Dubai appeals court upholds expat’s sentence for blasphemous Facebook post

The expat appeared at the appeal courts in Dubai (Shutterstock)
Updated 13 September 2017

Dubai appeals court upholds expat’s sentence for blasphemous Facebook post

DUBAI: Appeal courts in Dubai have upheld an earlier jail sentence handed down to an expat for posting blasphemous comments on Facebook.
The man, who worked as a welder will now serve the one-year sentence before being deported, as well as pay a 500,000 dirham fine ($136,100).
The man, from India, had claimed his Facebook account had been hacked and that he had not written the comments about the Prophet that were found on his timeline on Nov. 6, 2016.
However investigators revealed that the man had signed out of his account and deleted all his personal data the day after the comments were posted according to local press reports.
Despite denials that he had accessed the account at the time, prosecutors said similar comments had been made on his account in October 2016
Prosecutors told the court that the man also posted comments that insulted Arabs and described as a “chaotic religion,” according to UAE daily The National.
He was arrested after a fellow Indian expat reported him to police after seeing the remarks on Facebook.
“I felt so offended by the insults against my prophet so I asked a friend who knew the suspect and where he lived and I went to his house in Al Rashidiyah and found him drunk,” the grocery shop worker was quoted in The National as saying.
The defendant was convicted earlier this year, but lodged an appeal against the sentence.
Under UAE law blasphemy is illegal or to discriminate against a person because of their religion – and technically this law applies to all religions.


Lebanese journalist Roula Khalaf becomes first female editor of Financial Times

Updated 12 November 2019

Lebanese journalist Roula Khalaf becomes first female editor of Financial Times

  • Khalaf has served as deputy editor, foreign editor and Middle East editor during her more than two decades at FT
  • Khalaf will join Katharine Viner at the Guardian as one of the few women to edit major newspapers in Britain

LONDON: Lebanese journalist Roula Khalaf will become the first woman to edit the Financial Times in its 131-year history after Lionel Barber, Britain’s most senior financial journalist, said he would step down.
Barber said on Tuesday he would leave in January after 14 years as editor and 34 years at the Nikkei-owned newspaper, which had one million paying readers in 2019, with digital subscribers accounting for more than 75% of total circulation.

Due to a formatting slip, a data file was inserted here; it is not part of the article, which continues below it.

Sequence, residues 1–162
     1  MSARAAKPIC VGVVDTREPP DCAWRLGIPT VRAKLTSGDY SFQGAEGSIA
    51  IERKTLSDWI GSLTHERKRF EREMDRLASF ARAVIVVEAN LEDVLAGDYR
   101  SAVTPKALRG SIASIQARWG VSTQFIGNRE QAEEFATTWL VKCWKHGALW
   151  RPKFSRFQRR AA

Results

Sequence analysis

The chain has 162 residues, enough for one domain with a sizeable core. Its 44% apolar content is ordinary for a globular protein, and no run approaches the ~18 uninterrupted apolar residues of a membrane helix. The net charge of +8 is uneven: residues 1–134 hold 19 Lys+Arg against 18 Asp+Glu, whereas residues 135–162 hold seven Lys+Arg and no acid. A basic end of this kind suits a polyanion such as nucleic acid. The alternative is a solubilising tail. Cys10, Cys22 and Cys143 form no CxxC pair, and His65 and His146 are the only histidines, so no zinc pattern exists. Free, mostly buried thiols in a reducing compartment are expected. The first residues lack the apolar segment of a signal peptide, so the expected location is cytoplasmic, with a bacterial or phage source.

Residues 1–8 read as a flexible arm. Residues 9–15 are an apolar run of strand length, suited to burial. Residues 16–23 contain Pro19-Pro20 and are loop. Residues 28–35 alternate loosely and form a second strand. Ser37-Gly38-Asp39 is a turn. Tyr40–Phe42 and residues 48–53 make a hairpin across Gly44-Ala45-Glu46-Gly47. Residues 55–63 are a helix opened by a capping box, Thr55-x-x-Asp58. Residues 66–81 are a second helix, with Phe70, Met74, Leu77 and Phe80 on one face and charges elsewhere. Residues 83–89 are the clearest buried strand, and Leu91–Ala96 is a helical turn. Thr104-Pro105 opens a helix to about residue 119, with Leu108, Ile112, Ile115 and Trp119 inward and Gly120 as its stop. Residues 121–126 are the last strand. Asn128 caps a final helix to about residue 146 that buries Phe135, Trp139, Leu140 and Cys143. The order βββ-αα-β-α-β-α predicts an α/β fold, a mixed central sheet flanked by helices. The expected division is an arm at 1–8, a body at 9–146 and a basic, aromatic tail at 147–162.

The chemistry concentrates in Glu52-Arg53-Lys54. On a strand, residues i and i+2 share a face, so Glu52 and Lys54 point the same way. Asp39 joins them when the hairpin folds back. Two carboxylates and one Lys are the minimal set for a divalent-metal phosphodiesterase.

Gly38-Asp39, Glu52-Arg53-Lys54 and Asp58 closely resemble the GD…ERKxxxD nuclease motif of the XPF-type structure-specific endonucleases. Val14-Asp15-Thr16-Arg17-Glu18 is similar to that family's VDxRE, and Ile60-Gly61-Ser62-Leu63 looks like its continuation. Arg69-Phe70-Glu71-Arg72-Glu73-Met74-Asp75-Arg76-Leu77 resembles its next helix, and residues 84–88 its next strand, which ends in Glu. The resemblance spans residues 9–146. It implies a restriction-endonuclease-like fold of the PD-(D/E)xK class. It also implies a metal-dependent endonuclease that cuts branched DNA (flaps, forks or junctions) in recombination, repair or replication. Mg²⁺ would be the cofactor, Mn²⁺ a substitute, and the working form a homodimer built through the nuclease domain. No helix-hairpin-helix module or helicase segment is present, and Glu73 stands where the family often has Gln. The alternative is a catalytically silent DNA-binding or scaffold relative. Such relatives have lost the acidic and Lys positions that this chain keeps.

Khalaf has served as deputy editor, foreign editor and Middle East editor during her more than two decades at the salmon-pink FT and in recent years has sought to increase diversity in the newsroom and attract more female readers, while also becoming the publication’s first Arab editor.
“It’s a great honor to be appointed editor of the FT, the greatest news organization in the world.
“I look forward to building on Lionel Barber’s extraordinary achievements,” said Khalaf, whose earlier writing for Forbes magazine had earned her a small role in Martin Scorsese’s The Wolf of Wall Street.
Her article described the leading character Jordan Belfort as sounding like a twisted version of Robin Hood who takes from the rich and gives to himself and his merry band of brokers.
Khalaf will join Katharine Viner at the Guardian as one of the few women to edit major newspapers in Britain and one of few leading female editors in the world after Jill Abramson left the New York Times.
Before joining the FT in 1995, Khalaf worked at Forbes in New York and earned a master’s at Columbia University and graduated from Syracuse University.
Tsuneo Kita, chairman of Japan’s Nikkei which bought the FT from Pearson in 2015, said in a statement Khalaf was chosen for her sound judgment and integrity.
“We look forward to working closely with her to deepen our global media alliance.”
Nikkei’s Kita described Barber as a strategic thinker and true internationalist, adding he was very sad to see him leave.
“However, both of us agree it is time to open a new chapter,” he said.
During his time as editor, Barber engineered a successful push into online subscription that protected the title as others battled an unprecedented collapse in advertising revenue, as well as managing the move to a new owner.